What I found interesting about Boyle’s use of law is the ways social imagination is very much a vehicle for the commodification and the privatization of knowledge productions. We see this in the politics of publishing in higher academia, music downloads (itunes), and film property rights. By social imagination, I am referring to what Boyle describes our human behavior and the assumptions we make about the world we live in (15). These assumptions become practices of privilege and oppression since it imagines a world of information regulation, policing, or censoring. Who has the right to claim authorship to information and who is merely recognized as the “source” of that information? As Boyle asserts, we must always recognize the social, cultural, economic and political contexts in which we live in and the complex ways it informs our material realities.
With neoliberal practices justifying and expanding global capitalism, Boyle believes that the world will “broadly [be] divided between manipulators of information and ‘sources’” (177). However, he proposes an alternative “rhetoric of entitlement.” Boyle says,
It is important to see the lacunae and contentious assumptions involved in a particular society’s discourse of entitlement –the language in which entitlement to that particular society’s primary resources is both described and justified. To have a critical understanding of rhetoric of entitlement in an information society, one would need an analysis of conventional discourse about information, as well as of the more complicated, more sophisticated, and more highly formalized version of that discourse provided by the language of microeconomics (178).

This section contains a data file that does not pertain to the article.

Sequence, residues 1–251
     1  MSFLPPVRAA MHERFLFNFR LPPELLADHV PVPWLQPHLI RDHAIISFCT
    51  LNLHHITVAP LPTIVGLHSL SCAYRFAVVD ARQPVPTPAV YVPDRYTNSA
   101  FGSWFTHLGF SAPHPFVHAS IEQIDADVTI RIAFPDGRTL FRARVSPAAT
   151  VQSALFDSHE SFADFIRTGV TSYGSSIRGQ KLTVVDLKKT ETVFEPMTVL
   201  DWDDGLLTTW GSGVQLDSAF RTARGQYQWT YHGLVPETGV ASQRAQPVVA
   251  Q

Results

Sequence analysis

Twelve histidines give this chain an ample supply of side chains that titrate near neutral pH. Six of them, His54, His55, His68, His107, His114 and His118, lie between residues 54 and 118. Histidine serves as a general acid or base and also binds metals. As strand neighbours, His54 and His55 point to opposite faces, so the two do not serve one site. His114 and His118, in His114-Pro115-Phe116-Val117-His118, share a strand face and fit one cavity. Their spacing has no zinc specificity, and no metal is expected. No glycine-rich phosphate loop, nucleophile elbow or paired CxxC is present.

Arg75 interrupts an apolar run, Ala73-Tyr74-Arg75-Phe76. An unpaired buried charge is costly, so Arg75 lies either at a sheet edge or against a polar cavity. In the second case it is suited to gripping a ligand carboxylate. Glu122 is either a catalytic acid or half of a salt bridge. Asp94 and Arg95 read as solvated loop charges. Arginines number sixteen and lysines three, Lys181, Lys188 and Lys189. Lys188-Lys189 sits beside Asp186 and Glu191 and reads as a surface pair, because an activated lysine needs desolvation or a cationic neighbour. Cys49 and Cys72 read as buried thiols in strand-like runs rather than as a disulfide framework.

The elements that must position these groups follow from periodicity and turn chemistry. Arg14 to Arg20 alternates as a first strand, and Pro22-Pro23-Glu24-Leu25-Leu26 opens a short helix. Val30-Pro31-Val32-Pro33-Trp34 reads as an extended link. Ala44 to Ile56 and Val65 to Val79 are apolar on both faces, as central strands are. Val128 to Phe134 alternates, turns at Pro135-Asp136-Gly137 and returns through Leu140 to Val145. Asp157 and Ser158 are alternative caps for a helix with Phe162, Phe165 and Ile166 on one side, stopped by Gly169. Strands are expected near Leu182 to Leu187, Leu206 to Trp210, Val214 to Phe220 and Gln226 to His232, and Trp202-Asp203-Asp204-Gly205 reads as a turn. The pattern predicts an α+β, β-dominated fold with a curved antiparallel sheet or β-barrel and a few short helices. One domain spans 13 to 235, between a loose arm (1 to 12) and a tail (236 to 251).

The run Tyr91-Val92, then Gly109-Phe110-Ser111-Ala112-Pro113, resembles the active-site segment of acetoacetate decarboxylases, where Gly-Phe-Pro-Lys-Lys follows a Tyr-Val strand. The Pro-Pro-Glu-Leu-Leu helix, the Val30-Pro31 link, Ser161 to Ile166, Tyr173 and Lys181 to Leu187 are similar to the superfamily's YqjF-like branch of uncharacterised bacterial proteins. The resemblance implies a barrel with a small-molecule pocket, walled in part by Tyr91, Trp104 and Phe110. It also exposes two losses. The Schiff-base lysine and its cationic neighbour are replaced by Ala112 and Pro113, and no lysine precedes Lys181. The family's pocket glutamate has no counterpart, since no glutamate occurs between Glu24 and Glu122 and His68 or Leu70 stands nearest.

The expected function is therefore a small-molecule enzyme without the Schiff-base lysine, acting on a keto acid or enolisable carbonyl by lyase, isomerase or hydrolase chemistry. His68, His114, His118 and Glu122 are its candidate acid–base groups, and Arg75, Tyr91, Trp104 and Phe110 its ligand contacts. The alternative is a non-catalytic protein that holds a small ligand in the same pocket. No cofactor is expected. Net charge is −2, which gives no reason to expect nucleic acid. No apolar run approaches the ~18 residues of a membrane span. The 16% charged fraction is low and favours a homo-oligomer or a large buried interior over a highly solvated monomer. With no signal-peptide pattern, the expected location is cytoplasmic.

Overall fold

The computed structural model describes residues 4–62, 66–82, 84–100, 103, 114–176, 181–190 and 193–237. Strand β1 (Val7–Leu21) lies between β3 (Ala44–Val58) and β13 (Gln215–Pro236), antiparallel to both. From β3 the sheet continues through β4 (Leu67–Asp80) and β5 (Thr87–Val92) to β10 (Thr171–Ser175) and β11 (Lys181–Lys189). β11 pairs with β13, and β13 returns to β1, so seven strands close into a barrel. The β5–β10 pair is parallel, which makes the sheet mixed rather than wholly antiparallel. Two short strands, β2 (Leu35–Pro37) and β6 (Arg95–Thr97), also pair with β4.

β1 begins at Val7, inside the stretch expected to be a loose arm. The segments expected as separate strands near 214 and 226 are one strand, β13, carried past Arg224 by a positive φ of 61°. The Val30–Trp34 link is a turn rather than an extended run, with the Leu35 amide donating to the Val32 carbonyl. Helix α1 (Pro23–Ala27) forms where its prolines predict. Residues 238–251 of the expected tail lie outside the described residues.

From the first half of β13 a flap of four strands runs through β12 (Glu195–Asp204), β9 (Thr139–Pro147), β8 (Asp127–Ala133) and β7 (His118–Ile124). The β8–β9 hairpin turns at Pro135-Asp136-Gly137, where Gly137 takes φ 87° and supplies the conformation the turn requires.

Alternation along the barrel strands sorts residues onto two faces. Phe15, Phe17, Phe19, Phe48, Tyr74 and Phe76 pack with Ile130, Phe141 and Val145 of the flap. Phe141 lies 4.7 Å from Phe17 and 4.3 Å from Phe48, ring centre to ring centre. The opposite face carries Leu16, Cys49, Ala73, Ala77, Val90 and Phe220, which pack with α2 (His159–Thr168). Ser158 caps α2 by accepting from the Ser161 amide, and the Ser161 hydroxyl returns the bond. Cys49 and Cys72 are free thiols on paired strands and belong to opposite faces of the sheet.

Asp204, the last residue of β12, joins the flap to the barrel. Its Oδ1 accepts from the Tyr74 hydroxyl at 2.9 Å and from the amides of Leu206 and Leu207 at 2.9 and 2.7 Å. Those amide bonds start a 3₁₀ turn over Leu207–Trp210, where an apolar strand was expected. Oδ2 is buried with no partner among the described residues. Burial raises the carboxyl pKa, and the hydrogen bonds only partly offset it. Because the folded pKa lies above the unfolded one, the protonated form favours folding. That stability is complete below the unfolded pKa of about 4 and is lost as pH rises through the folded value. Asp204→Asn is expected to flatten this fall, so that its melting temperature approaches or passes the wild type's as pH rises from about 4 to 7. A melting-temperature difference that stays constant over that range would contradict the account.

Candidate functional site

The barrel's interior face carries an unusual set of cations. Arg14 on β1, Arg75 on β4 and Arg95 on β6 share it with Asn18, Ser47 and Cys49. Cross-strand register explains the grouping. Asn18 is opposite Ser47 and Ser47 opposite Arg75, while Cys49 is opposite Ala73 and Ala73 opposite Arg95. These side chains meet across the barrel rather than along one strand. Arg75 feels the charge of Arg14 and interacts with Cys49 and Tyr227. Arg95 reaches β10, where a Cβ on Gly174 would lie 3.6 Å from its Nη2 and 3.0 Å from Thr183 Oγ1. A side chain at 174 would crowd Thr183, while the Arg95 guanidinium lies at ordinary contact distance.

Two processes are occurring here that don’t negate the “author”/ “source” relationship, rather complicate it in order to illustrate the complex influence they have in our conceptualization of intellectual property rights. Therefore, to my understanding, it’s not so much that Boyle is demanding to give full intellectual property rights to the sources but to expand the public domain in order to address both the sources and audiences (183).
1. Although I certainly agree with Boyle’s argument I wonder what does “sensitivity to the needs of both sources and audiences” look like to the law? If language plays a huge role in interpretation, how would the law construct sensitivity, and how different would sensitivity look like to the needs of the sources and the needs of the audiences?
2. I am really curious to discuss the politics behind knowledge production in academic publishing. Why is plagiarism used as both a tool for protecting property rights and policing bodies? Think about the rules and regulations that exist regarding plagiarism, are they another form of social and intellectual control?